The fifteen minute Making Doctor Who with head writer and executive producer Russell T. Davis featurette starts off looking rather dull, but explodes into a wonderful and chatty making-of featurette with piles of behind-the-scenes footage. Filmed by Russell and executive producer Julie Gardner with a camcorder, he talks us through a read through, rewrites and actual filming in and around the streets of Cardiff (with an impromptu visit from a Dalek). He even passes the camcorder to other people so he can waffle into the camera too. It's all interesting stuff and I'm surprised that more people weren't annoyed with him appearing with a camera, sticking it in their face and proceeding to ask lots of questions.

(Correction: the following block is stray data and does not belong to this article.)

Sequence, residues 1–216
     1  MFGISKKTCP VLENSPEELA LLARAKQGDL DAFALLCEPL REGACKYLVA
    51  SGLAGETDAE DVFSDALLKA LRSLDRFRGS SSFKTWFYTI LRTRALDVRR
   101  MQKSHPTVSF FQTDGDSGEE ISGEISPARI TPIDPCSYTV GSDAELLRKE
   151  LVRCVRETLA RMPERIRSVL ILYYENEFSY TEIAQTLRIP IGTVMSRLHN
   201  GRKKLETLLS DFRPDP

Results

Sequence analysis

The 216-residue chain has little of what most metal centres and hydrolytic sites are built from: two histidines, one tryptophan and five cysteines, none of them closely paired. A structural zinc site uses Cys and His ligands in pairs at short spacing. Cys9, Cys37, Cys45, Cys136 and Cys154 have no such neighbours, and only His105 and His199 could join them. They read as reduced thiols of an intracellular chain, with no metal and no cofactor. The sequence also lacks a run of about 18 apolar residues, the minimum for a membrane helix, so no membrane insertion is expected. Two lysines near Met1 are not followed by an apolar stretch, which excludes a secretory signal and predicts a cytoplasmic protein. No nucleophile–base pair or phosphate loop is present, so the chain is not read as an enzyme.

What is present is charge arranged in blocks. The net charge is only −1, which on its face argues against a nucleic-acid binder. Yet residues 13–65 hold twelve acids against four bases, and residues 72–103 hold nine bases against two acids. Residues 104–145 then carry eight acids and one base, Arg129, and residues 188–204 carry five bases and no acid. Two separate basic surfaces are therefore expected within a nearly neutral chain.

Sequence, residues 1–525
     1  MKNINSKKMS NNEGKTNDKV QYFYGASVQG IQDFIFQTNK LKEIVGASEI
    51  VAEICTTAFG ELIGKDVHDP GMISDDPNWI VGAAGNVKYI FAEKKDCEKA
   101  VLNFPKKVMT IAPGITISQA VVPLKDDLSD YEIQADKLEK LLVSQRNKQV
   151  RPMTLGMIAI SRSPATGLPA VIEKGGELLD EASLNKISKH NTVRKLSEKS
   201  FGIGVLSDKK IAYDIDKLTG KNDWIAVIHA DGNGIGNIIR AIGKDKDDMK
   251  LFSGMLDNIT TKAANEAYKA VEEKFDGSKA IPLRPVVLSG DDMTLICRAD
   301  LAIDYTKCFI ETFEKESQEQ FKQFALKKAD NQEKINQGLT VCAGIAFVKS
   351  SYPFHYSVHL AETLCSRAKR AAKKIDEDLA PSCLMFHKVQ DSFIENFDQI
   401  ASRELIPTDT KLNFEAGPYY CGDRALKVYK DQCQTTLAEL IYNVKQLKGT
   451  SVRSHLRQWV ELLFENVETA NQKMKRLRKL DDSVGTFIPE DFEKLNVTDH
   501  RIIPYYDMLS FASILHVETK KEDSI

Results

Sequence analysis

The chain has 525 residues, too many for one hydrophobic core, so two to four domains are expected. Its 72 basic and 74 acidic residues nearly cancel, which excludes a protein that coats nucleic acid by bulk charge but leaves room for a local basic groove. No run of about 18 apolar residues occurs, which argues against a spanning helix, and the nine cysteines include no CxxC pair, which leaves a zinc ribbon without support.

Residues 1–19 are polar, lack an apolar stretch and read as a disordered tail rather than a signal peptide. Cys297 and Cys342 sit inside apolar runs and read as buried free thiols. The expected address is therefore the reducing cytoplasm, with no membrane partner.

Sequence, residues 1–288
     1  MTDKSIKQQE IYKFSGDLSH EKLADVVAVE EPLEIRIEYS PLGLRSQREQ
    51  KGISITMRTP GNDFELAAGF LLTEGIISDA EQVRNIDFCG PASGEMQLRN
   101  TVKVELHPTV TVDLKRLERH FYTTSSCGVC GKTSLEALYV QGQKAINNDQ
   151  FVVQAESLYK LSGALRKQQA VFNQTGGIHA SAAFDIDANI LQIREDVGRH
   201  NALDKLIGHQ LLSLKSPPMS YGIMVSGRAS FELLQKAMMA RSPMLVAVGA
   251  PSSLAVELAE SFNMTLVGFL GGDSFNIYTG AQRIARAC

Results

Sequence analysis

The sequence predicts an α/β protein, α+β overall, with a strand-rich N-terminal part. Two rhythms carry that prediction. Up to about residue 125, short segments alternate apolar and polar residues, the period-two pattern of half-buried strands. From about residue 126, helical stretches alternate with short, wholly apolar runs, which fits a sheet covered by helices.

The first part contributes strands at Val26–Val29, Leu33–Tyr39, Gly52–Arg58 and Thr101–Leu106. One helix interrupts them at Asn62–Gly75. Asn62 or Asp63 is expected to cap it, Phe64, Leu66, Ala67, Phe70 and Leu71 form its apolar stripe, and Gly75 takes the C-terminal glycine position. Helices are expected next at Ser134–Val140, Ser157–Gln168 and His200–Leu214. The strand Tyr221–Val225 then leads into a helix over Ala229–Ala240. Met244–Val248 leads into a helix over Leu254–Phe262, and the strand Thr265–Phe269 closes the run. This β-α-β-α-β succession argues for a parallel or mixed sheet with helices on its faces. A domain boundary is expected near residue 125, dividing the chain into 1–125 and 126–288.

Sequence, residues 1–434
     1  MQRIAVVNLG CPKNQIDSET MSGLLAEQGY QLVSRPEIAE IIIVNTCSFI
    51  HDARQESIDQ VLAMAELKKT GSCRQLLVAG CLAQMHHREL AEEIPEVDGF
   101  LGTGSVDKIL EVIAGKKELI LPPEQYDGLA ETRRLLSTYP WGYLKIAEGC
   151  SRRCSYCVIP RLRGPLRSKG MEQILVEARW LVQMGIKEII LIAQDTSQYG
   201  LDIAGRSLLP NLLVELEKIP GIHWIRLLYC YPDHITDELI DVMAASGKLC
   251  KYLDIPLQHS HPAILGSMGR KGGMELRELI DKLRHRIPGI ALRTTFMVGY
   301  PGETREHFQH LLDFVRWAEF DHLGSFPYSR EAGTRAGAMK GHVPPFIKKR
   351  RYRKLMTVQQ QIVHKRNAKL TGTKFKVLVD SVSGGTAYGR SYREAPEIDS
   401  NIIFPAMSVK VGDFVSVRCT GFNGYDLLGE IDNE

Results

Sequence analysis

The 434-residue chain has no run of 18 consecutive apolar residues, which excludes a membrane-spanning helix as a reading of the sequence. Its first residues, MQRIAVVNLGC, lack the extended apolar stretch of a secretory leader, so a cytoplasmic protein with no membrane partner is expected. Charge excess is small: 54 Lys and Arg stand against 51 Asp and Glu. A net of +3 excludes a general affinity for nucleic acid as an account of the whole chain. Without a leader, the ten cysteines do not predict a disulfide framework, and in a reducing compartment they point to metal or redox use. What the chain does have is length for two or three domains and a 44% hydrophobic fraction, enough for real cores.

Next up are two features with The Unquiet Dead episode writer Mark Gatiss of The League of Gentlemen fame. The first is the eighteen minute Waking the Dead feature in which Mark talks about writing for Doctor Who. In it, he uses the ever trusty camcorder, and over a period of weeks he talks about the pressure and frustration of writing for the series and his story ideas for the episode. And as the feature progresses you get to see just how his story evolves from an idea to the final product you see on the screen. Following on is the eight minute Laying Ghosts featurette where Mark is back to talk about the origins of the episode. With more candid thoughts, plus plenty of clips from the episode, it carries on nicely from the first featurette and indicates that Mark is a bit of a prolific writer. It's certainly something I didn't expect from a member of The League of Gentlemen. For what is my favourite episode of the first series, it's a great collection of features. Things are rounded off with two minutes worth of Launch Trailers which wouldn't look out of place in the promotion of a big budget Hollywood blockbuster. There's even a Storyboard for the opening trailer too.